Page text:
I met William Kamkwamba, the author of The Boy Who Harnessed the Wind, when I first moved to Los Angeles two years ago. His book, a story about how he taught himself physics as a young boy and was then able to build a windmill and supply electricity to his village in Malawi, had just been published. He was everywhere: The Today Show, The Daily Show with Jon Stewart, Ellen DeGeneres. And on that night, he was at a book party being thrown in his honor at a home in Beverly Hills.
I was there for work, and it was the kind of very posh party with chandeliers flowering from the ceilings, golden champagne in crystal glasses and a grandiose house with so many rooms that it simply should not be called a home. I met William only briefly, and he was the only person at the party who seemed more uncomfortable than me, smiling stiffly when I told him I’d found Malawi beautiful when I was there. I imagine he must have felt very far from home on that evening.
I left the party after only an hour, a yellow paperback copy of his book tucked in my purse. It was later placed on a bookshelf in my bedroom, under a copy of 2001: A Space Odyssey and a couple of other books I’d been meaning to read. But recently I’ve been thinking a lot about Africa, and its troubling image problem.
There is so much to Africa, but Westerners only ever have a one-dimensional, negative picture of it. Although I have seen a few books by African authors in my local Starbucks or as part of Oprah’s book club, the list is still very short. Much of what we read, view or hear is from a Western perspective. I am tired of hearing only of civil war, corruption and disease. On a continent of 53 countries, there are many more stories to hear, and one of my 2012 resolutions is to seek out those African voices, those African stories. I decided to start with William Kamkwamba and The Boy Who Harnessed the Wind.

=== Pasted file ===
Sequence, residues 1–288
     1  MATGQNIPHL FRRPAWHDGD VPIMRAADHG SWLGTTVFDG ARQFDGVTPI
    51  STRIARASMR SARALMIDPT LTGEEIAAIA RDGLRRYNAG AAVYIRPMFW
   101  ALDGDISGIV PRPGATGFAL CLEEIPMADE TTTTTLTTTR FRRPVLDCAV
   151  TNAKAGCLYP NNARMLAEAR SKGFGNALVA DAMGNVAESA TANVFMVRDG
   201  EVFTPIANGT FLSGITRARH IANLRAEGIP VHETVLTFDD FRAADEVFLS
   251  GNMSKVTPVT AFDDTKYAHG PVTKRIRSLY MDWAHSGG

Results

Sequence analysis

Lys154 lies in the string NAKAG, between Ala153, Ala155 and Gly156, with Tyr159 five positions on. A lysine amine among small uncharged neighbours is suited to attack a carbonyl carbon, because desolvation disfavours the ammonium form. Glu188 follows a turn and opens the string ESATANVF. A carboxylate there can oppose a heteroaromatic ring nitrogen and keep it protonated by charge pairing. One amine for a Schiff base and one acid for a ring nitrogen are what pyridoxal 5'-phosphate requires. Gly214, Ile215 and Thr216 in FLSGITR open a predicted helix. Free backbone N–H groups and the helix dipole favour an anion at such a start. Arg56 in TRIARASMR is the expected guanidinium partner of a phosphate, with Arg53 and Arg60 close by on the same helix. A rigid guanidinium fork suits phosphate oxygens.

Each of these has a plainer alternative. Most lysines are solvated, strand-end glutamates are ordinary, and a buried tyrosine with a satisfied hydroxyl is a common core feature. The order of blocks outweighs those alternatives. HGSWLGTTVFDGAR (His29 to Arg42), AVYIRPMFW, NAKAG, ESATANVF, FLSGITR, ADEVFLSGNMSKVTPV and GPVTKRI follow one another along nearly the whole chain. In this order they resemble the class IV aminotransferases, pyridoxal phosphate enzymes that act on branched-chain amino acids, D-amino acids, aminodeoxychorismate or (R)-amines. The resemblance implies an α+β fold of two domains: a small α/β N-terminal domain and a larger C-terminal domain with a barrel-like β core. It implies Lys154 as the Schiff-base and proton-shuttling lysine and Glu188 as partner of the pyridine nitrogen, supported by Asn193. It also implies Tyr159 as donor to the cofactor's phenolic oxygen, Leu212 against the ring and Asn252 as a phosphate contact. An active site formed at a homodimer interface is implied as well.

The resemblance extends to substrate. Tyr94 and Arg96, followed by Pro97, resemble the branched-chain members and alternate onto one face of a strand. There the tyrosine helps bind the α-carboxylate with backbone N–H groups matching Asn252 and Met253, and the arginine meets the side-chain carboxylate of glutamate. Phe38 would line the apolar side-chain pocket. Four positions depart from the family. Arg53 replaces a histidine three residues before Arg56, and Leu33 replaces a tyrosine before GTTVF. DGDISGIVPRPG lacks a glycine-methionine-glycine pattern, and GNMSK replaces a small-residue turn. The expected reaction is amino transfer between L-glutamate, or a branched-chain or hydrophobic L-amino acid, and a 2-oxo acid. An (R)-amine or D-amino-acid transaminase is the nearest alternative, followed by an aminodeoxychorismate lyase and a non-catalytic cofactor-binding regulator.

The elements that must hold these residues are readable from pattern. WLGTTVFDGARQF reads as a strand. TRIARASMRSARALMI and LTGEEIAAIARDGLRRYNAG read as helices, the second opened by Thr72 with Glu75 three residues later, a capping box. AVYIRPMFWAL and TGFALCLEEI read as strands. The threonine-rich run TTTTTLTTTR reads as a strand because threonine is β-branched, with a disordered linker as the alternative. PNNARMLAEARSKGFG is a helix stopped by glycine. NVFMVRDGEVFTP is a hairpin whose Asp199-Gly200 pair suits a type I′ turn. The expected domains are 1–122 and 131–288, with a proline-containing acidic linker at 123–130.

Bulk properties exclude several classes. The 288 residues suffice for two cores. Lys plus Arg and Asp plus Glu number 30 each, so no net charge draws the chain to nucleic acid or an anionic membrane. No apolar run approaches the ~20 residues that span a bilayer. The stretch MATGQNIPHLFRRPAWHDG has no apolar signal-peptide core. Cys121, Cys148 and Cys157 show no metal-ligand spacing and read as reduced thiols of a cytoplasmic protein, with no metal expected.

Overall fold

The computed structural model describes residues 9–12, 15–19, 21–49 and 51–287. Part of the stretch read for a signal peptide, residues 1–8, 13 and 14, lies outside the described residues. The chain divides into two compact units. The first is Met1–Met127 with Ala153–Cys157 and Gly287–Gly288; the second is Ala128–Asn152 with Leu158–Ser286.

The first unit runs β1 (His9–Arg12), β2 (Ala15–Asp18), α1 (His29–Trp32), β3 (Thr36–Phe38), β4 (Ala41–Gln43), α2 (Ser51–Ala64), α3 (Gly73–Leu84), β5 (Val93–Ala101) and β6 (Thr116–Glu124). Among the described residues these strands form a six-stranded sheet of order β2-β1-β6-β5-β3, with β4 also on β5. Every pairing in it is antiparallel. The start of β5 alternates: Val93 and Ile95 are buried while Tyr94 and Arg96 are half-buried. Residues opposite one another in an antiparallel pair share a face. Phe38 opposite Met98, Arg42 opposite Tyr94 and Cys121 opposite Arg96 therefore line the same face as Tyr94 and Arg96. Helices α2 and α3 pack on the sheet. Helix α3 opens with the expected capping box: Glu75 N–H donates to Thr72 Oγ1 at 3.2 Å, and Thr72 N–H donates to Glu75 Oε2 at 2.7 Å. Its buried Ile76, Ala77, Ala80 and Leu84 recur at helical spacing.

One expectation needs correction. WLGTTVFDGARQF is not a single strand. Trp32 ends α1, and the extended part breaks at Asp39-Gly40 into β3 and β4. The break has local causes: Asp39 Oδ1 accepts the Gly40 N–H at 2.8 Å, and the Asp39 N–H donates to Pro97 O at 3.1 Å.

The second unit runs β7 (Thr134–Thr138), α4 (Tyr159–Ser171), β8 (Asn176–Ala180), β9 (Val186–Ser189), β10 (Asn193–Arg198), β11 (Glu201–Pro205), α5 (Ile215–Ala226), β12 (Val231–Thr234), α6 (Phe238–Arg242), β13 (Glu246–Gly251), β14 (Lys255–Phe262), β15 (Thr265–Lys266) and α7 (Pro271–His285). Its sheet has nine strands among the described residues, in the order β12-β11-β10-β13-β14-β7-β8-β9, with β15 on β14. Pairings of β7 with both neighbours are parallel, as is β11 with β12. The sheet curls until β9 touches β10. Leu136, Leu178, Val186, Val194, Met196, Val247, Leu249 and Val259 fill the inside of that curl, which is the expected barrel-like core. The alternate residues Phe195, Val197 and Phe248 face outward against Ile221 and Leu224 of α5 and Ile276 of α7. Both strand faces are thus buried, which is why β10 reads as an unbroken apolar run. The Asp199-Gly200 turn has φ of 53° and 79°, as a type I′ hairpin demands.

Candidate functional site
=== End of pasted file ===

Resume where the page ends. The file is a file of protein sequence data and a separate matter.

This autobiographical tale is about how a curious and bright young Malawian boy who is forced to drop out of school because his family cannot afford to pay his school fees (roughly $12) focused on building his own windmill to create electricity. When he was not assisting on the family farm, he spent all his time reading weathered old science textbooks in the village library, learning “how things work” so that he could later scour the village for junk to use for windmill parts.
He wants to build the windmill so “…then I could have lights. No more kerosene lamps that burned our eyes and sent us gasping for breath. With a windmill, I could stay awake at night reading instead of going to bed at seven with the rest of Malawi.” With only 2% of Malawi enjoying the luxury of electricity, the windmill would make life easier and more productive for his family and his village. And more than that, Kamkwamba longs to be more than a poor Malawian farmer, more than a man who toils to grow just enough maize to feed his family and possibly buy a new pair of shoes each year.
Kamkwamba’s journey is remarkable, showing how perseverance and hard-work can pay off in even the most trying of circumstances. It is the back story, though, that is really powerful: his childhood on a Malawian farm, the strong relationships with his family, his friends and all of the village’s characters (the dog, the chief, the traders). He describes the famine that cascaded over the country in 2002, leaving Malawi quiet because “…everywhere the anguish was silent because no one had the energy to cry.” The prose is simple, but the descriptions of “the starving people” and Kamkwamba’s own three mouthfuls of food each evening made my own stomach curl painfully, though I’ve never known that kind of hunger.
Kamkwamba’s story is one of anguish and inspiration, much like Africa itself. There is the rooster red earth and the thick stars in the sky, the beautiful and overwhelming ties of family, the dizzying triumph of realizing a dream—all amidst the corruption, cholera and poverty about which we so often hear.
I encourage anyone to read this moving story, and just as I did, learn more about Africa from an African perspective.